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Actinide Series


The actinides are the 14 elements that follow actinium in the periodic table, just as the lanthanides are the 14 elements that follow lanthanum. The two groups of elements are characterized by the progressive filling of the 5f and 4f electronic sub-shells respectively.

Actinides with incomplete 5f shell have many interesting electronic and nuclear properties. Unlike lanthanides early actinides exhibit multi valence. Most actinides possess the close-packed crystal structures typical of metallic elements, but the most heavily used actinides are U and Pu have low symmetry crystal structures.


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The elements with atomic number 90 to 103 in the periodic table are called actinides. They are placed after actinium. Most of the actinides are artificially made. Actinides occupy the place below lanthanides at the bottom of the periodic table.

The name actinides are derived from actinium the very first member of the series. The 5f orbitals are being filled up are called actinide series. These elements are also known as actinons. Only the first four elements of this series namely actinium, thorium, protoactinium and uranium occur in nature, the other elements are made artificially by nuclear bombardment.


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The actinide elements are radioactive metals that begin with the element actinium and continue through the element lawrencium and there is a sub series of the actinide series known as the transuranic elements.

It is important to remember that the transuranic elements are part of the actinide series. In other words the actinide series includes the transuranic elements which are considered a continuation of period 7 on the periodic table. Actinide series is also called the second rare earth series since they are homologous to the lanthanide rare earth elements just above them in the periodic table.

Among the actinide series, only two elements exist as long lived nuclides and occur naturally and in relatively large quantity on earth - uranium and thorium.


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1. Electronic configuration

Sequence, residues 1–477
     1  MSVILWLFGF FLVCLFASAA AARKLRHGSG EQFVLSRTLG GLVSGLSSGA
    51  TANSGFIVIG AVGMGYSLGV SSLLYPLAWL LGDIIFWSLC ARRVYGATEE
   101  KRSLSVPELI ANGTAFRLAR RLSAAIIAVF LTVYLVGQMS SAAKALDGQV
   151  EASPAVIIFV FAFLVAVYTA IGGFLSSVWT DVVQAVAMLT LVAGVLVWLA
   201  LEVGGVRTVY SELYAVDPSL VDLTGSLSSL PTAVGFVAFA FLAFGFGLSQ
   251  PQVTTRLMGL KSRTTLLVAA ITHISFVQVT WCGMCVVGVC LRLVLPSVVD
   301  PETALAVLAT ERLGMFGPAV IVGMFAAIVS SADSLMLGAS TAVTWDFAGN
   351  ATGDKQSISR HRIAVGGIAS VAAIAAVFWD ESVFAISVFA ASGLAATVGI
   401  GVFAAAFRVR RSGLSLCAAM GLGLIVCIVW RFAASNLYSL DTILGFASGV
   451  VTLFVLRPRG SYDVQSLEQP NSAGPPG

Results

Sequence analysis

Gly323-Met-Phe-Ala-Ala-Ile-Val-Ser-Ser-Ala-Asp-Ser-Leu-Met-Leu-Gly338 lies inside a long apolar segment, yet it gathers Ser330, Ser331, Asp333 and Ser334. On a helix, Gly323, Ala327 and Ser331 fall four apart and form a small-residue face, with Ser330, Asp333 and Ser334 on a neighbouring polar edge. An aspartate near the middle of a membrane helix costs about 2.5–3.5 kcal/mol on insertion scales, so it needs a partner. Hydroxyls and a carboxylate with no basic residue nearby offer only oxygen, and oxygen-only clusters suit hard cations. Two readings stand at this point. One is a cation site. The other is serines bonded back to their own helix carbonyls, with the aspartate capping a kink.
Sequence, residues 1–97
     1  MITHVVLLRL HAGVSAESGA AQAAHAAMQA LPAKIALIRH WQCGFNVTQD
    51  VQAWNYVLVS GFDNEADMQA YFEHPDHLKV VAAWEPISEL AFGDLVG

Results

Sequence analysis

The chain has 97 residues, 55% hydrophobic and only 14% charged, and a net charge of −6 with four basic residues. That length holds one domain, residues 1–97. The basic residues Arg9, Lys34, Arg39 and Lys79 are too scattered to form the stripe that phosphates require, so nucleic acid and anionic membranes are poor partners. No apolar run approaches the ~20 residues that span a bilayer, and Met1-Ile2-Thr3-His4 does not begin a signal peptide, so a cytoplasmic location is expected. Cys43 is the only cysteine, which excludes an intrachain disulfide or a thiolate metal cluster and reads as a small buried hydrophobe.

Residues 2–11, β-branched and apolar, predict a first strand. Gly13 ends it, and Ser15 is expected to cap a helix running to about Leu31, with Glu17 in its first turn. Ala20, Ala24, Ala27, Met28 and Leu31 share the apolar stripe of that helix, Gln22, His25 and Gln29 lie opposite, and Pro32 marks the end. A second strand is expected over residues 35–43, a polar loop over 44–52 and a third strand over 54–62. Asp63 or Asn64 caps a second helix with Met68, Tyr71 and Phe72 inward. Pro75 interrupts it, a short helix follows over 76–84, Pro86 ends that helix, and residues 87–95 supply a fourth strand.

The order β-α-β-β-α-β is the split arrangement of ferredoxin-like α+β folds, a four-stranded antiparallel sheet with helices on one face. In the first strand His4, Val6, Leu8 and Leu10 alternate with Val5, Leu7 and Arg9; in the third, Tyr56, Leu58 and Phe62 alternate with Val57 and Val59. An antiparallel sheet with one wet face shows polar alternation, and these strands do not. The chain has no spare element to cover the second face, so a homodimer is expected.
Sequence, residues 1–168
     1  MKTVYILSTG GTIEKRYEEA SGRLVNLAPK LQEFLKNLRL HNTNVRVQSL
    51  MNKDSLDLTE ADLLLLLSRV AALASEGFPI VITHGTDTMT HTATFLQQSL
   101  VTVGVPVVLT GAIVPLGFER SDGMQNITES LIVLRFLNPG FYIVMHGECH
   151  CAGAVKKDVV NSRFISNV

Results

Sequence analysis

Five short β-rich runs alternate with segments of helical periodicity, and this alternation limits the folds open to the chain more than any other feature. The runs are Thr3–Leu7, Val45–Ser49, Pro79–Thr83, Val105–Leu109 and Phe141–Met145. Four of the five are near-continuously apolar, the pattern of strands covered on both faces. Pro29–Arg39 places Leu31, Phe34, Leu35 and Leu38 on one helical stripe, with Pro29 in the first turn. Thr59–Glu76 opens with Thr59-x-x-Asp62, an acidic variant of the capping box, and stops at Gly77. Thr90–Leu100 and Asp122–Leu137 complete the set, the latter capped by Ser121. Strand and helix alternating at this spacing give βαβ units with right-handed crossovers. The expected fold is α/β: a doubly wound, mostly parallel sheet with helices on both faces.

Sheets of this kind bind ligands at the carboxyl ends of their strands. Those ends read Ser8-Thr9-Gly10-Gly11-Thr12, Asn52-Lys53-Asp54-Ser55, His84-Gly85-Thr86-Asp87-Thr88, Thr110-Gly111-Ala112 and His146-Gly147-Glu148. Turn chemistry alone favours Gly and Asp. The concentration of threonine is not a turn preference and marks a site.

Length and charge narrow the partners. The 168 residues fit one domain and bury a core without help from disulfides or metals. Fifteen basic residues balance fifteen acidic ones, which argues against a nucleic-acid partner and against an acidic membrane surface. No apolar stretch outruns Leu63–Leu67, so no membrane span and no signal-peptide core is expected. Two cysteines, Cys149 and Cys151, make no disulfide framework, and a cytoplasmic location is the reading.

Dawson suggests that actinium has a 5f06d17s2 electronic configuration with Th having 5f06d27s2 configuration, with the subsequent filling of the d3 and d4 in Pa and U respectively.

The electronic configuration of actinides are listed below.

S.No Elements Electronic configuration
1 Ac89 [Rn]5f06d17s2
2 Th90 [Rn]5f16d17s2
3 Pa91 [Rn]5f26d17s2
4 U92 [Rn]5f36d17s2
5 Np93 [Rn]5f46d17s2
6 Pu94 [Rn]5f56d17s2
7 Am95 [Rn]5f77s2
8 Cm96 [Rn]5f76d17s2
9 Bk97 [Rn]5f86d17s2
10 Cf98 [Rn]5f96d17s2
11 Es99 [Rn]5f106d17s2
12 Fm100 [Rn]5f116d17s2
13 Md101 [Rn]5f126d17s2
14 No102 [Rn]5f147s2
15 Lw103 [Rn]5f146d17s2

2. Oxidation states

Actinides has only +3 oxidation state with increasing atomic number, while less heavier elements like thorium, protoactinium, uranium, neptunium, plutonium and americium along with +3 oxidation state, the stable oxidation states of +4, +5, +6 are also seen.

The oxidation states of actinides are listed below.

S.No Elements Oxidation states
1 Ac89 3
2 Th90 3, 4
3 Pa91 3, 4, 5
4 U92 3, 4, 5, 6
5 Np93 3, 4, 5, 6
6 Pu94 3, 4, 5, 6
7 Am95 3, 4, 5, 6
8 Cm96 3, 4
9 Bk97 3, 4
10 Cf98 3
11 Es99 3
12 Fm100 3
13 Md101 2, 3
14 No102 2, 3
15 Lw103 3

3. Atomic and Ionic radii

The Ionic radii of actinides systematically decrease with increase in atomic number. The reason for the ionic radius decreases with the atomic number is the increasing nuclear charge attracting more effectively the 5f electron shell. This decrease is known as the actinide contraction.
Ionic Radii of Actinides


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The applications of actinides are listed below.
  • Thorium is the major component in gas mantles. It finds application in ceramics, lighting and aerospace alloys. Current world production of thorium is 1500 tonnes per annum.
  • Uranium oxide has been used for many years as a yellow pigment for glass and ceramics but apart from this relatively small scale application, the main use of uranium is as a nuclear fuel.
  • Plutonium is used in long lasting portable power sources and in the miniature batteries used in heart pacemakers. These radioisotope thermoelectric generators rely on the heat produced during the $\alpha$-decay of $^{238}\textrm{Pu}$.
  • Americium is an $\alpha$ and $\gamma$ emitter with a half life of 433 years and is found in most homes as a component of domestic smoke detectors. When smoke enters the ionization chambers of the smoke detector, they absorb the $\alpha$-particles, resulting in a fall in electric current which sets off the alarm.